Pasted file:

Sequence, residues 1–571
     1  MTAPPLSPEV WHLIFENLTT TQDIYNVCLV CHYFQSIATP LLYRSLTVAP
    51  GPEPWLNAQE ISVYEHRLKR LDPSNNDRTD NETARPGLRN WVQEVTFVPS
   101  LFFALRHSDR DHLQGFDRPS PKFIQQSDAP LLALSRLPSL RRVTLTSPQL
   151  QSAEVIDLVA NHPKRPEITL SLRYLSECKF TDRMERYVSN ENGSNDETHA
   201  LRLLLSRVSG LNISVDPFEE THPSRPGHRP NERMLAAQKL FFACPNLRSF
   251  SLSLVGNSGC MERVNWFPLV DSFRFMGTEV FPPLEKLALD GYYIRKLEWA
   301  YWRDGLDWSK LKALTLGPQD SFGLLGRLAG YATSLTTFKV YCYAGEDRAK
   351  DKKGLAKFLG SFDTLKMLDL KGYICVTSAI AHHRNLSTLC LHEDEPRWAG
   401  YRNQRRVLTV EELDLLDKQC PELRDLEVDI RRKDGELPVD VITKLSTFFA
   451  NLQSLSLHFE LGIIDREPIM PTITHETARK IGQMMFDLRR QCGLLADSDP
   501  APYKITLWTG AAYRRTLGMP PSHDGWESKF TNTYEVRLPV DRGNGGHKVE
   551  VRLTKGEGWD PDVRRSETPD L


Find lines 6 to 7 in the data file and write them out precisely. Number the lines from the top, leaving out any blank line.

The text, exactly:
   201  LRLLLSRVSG LNISVDPFEE THPSRPGHRP NERMLAAQKL FFACPNLRSF
   251  SLSLVGNSGC MERVNWFPLV DSFRFMGTEV FPPLEKLALD GYYIRKLEWA